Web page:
Fitmob, which started locally in mid-December, helps what Strassman calls “gym hoppers” find out what they like from the menu available and it allows people who probably would not have stepped into the gym to test it out. “Group sessions allow Fitmob members to see what we do,” he says.
His comprehensive classes involve cross-training, doing conditioning work on certain days and strength training on others.
“If you’re coming into a gym and just getting started,” Strassman says, “I want to know your goal. Do you want to lose weight, build muscle or get more comfortable in the gym? When I do group training, it gives the beginner a chance to try it and feel more comfortable, or for the advanced athlete to be more challenged. We want everyone in the class to be successful.”
Michele Czerpak, owner of RowZone, which has locations in Rittenhouse Square, Manayunk and Newtown Square offering one-of-a-kind classes for low-impact, high-intensity interval training, also participates in Fitmob. RowZone’s 45-minute classes burn 500 to 600 calories per session and involve a warmup, stretching and strength training, resistance, body weights and core exercises in addition to about 20 to 25 minutes of rowing on an erg machine for five minutes at a time.
The classes are designed to burn fat, build lean muscle and improve core strength, posture, flexibility and endurance while getting (and keeping) one’s heart rate up. One of the benefits of RowZone is that the trainers for the 39 different classes each week have different styles, from intensive to creative. Members should test out various classes to see which instructor best suits their style. Many of the classes appeal to both younger rowers who want to go out and scull on the Schuylkill, but also over-40 athletes who are looking to get in shape through a healthy activity.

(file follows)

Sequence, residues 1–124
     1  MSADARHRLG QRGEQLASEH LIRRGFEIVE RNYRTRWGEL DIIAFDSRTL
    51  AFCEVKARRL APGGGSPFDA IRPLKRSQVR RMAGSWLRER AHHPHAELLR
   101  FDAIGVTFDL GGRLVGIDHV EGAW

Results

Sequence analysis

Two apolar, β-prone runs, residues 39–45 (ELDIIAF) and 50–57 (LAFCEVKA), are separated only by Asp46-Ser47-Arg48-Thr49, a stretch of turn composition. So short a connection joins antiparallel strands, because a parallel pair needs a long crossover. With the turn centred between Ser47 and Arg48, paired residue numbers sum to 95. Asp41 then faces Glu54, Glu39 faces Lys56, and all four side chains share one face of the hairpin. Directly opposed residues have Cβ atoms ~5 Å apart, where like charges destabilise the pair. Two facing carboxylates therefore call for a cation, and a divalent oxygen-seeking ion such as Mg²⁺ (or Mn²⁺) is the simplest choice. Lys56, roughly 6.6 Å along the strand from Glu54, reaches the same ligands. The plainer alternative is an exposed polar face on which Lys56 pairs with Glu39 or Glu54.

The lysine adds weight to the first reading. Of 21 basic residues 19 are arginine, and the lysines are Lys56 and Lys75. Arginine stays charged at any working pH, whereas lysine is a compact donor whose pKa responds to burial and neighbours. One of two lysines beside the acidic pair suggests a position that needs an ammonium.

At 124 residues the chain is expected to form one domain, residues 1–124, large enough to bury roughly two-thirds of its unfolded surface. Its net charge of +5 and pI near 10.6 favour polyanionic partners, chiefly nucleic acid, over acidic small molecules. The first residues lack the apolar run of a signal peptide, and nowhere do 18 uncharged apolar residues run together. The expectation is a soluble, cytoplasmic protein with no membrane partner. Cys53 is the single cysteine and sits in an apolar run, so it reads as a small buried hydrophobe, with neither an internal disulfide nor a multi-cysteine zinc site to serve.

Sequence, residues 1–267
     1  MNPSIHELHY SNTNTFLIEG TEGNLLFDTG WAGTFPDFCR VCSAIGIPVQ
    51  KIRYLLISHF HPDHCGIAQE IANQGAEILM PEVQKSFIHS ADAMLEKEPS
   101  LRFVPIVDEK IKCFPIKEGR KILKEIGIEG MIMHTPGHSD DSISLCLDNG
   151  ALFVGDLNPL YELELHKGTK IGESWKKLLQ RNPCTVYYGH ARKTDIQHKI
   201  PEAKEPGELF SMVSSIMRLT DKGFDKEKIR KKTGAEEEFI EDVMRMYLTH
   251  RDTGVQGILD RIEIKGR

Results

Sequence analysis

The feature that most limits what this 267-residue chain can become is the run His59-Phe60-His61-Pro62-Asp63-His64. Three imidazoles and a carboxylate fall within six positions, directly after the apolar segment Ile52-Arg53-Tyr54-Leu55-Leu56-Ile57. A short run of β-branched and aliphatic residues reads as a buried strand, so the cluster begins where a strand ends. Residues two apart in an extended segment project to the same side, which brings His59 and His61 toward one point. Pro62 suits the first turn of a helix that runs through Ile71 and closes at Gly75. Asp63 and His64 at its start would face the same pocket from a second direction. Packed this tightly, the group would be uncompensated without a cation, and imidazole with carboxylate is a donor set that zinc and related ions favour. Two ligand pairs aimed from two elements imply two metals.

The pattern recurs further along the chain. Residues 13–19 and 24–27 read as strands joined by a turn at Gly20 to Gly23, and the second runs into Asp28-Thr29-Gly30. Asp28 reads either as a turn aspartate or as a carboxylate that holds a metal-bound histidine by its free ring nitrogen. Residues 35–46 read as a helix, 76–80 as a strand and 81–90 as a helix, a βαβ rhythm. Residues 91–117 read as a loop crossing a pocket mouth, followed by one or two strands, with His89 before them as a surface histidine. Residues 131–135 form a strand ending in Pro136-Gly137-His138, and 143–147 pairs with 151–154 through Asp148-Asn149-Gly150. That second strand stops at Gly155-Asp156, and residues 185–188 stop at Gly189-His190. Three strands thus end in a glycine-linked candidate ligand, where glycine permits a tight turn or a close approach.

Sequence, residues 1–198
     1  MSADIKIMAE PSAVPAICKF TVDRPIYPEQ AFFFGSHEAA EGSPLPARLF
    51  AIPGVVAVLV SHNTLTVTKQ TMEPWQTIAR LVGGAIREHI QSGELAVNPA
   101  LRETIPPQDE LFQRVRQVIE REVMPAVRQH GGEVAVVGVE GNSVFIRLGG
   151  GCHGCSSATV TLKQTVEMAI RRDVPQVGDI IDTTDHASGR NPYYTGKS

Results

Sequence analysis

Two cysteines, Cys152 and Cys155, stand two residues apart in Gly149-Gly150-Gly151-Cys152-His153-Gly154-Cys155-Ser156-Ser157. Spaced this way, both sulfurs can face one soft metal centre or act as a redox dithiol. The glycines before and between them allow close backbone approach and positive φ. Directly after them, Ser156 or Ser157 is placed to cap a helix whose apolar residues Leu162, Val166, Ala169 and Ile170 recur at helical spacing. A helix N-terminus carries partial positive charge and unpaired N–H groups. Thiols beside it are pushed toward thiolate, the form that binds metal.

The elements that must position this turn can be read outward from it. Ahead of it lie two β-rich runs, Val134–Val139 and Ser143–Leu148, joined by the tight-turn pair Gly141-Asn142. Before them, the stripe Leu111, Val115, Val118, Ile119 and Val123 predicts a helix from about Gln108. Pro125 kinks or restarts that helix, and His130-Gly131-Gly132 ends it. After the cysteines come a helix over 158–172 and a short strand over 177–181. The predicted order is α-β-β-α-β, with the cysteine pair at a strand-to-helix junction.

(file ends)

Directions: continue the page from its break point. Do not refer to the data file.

RowZone is not just part of Fitmob — Czerpak also participates in ClassPass, which operates on the same monthly fee/multiple gym access plan, only with “elite” studies (e.g., Lithe method), and with some restrictions, such as that members cannot attend any class more than three times in a month.
Czerpak likes the flexibility Fitmob and ClassPass provide, observing that’s it is becoming an attractive alternative to the big-box health clubs that offer limited classes and can prompt boredom more easily. She says she has already seen a jump in her attendance as a result of participating in the programs.
Peter Andrew Danzig, a personal trainer and movement/fitness coach, is the founder of Theatrical Trainer. He is currently in negotiations with Fitmob, but also a patron of many of the organizations they work with, including Crossfit Turbocharge, which is a full-body conditioning, high-impact boot camp, as well as the Philadelphia School of Circus Arts, where one of the Fitmob trainers teaches parkour.
Danzig emphasizes that if you are looking for a new fitness regimen, “Circus Arts is an unconventional and fun way to do it.” He has taken (and strongly recommends) the Introduction to Aerials class. “It’s a different class, which features circus silks: you wrap your body and climb. It builds stamina, your core and endurance.” He also uses a lyra, which involves the use of a large hanging circle to promote flexibility, upper body strength and core engagement. The exercises require moving with the hanging hoop to hold poses. “It’s engaging and fun to do in group classes. I like to shape my workouts — it’s ‘out of the box.’ You experiment and see how your body moves. It shakes people out of their complacency, which is what I really like about it.”
Gary M. Kramer is a frequent contributor to Special Sections.